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Articles by Rambam Health Care Campus

Massive gastrointestinal bleeding; never too old to be due to Meckel’s Diverticulum - A case report and literature review

Published on: 3rd June, 2019

OCLC Number/Unique Identifier: 8165450550

Gastrointestinal (GI) bleeding is a very common medical problem encountered in the acute care setting, and is a major cause of admission to hospitals with about 300,000 patients admitted annually. Obscure GI bleeding, defined as persistent or recurrent bleeding following initial negative upper and lower endoscopy, represents approximately 5% of all GI hemorrhages. The small bowel is the most common source for obscure GI bleeding. Variable lesions of the small bowel can cause obscure GI bleeding, with tumors, Crohn’s disease and Meckel’s diverticulum being more common in young age group. Meckel’s diverticulum, the most common GI congenital malformation, is usually asymptomatic and incidentally found. It can present with GI bleeding, seen more in pediatric patients, and rarely in adult patients. Herein, we present a 45 years old female patient, presenting with massive obscure GI bleeding due to Meckel’s diveticulum.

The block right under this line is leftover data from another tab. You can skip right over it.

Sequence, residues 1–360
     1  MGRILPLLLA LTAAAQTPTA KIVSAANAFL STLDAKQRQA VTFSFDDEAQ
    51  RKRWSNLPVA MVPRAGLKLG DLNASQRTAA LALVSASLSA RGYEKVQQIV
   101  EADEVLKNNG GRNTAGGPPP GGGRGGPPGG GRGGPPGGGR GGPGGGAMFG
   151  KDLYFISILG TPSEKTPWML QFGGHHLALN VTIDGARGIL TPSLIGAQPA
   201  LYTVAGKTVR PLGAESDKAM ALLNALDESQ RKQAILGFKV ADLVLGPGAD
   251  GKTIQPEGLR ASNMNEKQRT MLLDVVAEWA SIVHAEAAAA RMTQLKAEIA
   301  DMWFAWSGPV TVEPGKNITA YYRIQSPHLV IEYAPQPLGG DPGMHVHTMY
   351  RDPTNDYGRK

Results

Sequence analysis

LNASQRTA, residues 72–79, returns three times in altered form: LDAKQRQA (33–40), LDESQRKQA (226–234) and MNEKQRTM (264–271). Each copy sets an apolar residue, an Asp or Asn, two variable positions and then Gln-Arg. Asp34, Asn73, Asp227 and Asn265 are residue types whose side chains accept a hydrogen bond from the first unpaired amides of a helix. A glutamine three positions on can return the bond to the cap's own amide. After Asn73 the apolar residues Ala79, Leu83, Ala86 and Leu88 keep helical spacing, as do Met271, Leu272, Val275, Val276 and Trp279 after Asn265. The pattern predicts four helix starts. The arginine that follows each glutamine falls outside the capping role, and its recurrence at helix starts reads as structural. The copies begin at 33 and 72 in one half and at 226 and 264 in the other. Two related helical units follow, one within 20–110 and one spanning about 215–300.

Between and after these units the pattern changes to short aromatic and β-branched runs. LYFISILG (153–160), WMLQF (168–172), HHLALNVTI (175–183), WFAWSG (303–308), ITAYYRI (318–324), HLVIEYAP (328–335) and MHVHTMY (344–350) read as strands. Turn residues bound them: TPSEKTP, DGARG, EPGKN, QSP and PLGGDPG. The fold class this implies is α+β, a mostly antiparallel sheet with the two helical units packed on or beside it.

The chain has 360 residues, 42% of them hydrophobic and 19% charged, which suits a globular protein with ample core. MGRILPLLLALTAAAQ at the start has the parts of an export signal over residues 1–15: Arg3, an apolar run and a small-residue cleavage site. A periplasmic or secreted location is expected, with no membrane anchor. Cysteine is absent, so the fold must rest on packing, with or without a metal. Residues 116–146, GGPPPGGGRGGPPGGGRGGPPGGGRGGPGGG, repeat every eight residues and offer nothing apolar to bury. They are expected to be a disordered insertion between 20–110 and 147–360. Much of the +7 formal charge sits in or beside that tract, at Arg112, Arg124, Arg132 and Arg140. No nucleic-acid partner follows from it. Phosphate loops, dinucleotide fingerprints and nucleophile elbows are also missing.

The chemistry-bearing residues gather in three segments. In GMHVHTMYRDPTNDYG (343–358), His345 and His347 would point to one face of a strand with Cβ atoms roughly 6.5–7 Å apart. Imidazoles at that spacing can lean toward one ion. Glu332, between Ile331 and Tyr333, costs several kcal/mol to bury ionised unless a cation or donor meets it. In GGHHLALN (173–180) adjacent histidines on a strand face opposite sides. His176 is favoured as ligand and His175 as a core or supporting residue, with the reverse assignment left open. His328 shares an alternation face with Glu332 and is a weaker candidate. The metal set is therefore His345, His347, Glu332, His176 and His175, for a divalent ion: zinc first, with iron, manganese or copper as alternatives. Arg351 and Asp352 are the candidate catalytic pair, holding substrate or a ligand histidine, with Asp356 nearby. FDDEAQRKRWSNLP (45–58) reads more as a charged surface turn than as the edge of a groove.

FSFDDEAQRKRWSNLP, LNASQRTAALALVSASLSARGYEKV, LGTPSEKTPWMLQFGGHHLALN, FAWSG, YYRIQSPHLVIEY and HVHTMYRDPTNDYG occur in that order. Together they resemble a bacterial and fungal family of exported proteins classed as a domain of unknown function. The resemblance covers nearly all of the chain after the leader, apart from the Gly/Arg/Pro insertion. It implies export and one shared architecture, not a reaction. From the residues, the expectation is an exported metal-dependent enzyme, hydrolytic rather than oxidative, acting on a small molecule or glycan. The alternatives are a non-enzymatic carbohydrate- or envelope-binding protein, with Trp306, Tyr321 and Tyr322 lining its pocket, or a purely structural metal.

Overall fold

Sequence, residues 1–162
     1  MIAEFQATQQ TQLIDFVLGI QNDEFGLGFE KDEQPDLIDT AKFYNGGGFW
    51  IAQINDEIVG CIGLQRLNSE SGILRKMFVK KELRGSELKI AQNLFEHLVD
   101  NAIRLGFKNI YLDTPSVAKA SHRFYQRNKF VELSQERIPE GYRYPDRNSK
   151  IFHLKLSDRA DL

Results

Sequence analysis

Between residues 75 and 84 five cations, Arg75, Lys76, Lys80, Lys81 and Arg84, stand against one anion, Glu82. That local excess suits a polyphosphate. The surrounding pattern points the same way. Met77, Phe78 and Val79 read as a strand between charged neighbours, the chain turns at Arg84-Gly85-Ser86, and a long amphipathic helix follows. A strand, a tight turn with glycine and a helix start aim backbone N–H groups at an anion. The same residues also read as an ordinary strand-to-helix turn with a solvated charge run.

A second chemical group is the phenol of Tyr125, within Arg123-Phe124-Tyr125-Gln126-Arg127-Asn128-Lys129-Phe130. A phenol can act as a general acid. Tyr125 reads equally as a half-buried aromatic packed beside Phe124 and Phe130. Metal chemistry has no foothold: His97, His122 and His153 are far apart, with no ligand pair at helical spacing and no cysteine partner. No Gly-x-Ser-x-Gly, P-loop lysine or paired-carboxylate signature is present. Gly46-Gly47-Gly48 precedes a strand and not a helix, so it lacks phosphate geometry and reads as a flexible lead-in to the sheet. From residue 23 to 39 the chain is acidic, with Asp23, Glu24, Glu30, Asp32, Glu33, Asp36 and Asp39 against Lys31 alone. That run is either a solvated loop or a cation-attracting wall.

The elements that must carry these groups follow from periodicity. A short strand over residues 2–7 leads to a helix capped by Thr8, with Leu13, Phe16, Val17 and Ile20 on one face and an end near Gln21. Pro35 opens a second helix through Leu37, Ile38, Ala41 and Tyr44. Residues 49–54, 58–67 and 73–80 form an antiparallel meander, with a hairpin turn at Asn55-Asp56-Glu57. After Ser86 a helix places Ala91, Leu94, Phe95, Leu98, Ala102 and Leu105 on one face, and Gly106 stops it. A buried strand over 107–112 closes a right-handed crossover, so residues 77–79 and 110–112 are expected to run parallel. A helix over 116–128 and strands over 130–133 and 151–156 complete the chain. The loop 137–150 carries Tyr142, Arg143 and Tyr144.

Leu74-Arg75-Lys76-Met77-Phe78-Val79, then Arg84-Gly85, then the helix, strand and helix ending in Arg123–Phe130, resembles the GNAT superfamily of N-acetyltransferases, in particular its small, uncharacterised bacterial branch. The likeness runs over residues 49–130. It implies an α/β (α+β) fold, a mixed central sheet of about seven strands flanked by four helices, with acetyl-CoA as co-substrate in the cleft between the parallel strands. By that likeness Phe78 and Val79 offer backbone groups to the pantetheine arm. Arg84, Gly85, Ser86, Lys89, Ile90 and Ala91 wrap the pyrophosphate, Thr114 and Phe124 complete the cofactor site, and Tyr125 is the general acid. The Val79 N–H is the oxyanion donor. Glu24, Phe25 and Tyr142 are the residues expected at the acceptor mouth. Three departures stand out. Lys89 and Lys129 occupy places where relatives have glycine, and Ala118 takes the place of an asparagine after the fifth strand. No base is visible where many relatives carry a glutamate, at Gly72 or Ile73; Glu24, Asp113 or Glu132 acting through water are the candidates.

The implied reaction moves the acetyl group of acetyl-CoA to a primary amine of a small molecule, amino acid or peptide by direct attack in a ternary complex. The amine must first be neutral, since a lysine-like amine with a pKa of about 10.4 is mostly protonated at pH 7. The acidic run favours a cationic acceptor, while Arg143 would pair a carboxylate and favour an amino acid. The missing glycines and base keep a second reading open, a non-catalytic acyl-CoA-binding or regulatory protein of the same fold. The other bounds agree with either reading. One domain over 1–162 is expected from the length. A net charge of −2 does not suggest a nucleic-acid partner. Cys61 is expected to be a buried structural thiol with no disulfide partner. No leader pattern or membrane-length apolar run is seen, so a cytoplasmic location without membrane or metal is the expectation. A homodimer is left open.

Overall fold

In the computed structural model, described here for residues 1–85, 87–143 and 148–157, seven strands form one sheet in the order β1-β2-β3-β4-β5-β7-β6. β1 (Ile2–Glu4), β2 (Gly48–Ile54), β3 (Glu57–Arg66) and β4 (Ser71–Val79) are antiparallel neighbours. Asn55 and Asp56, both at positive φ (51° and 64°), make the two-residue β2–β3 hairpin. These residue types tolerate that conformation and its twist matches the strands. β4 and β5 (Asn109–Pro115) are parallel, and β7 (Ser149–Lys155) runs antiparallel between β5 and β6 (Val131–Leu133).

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Extremely large hemangioma of the liver: Safety of the expectant management

Published on: 6th September, 2019

OCLC Number/Unique Identifier: 8257068015

Hemangiomas are known as congenital vascular malformations that can affect almost any organ or tissue, with the liver being the most common intra-abdominal organ to be involved. It is well known that hemangiomas are the most common benign tumours of the liver, and develop in about 4-20% of people, mainly young adult females. Recently, due to the dramatic rise in the use of imaging studies for different purposes, a parallel increase in the incidence of these tumours has been noticed. Most liver hemangiomas are small (less than 4cm in diameter), asymptomatic and found incidentally during abdominal operation for other indication or on radiologic studies. Giant liver hemangioma is defined as hemangioma with a diameter of more than 5cm. This unique and uncommon type of haemangioma usually poses therapeutic challenges for the treating physician, especially hepatic surgeons, due to the unclear natural history, and due to the risk of life threatening complications is yet to be established. While it is already proved by several studies that conservative management of giant hepatic hemangioma is safe, it is not known whether observation of the extremely large hepatic hemangioma (tumours larger than 10cm) is safe as well. The aim of this article is to review the English literature to find out if conservative management of the extremely giant liver hemangioma is safe and can be recommended.
Cite this ArticleCrossMarkPublonsHarvard Library HOLLISGrowKudosResearchGateBase SearchOAI PMHAcademic MicrosoftScilitSemantic ScholarUniversite de ParisUW LibrariesSJSU King LibrarySJSU King LibraryNUS LibraryMcGillDET KGL BIBLiOTEKJCU DiscoveryUniversidad De LimaWorldCatVU on WorldCat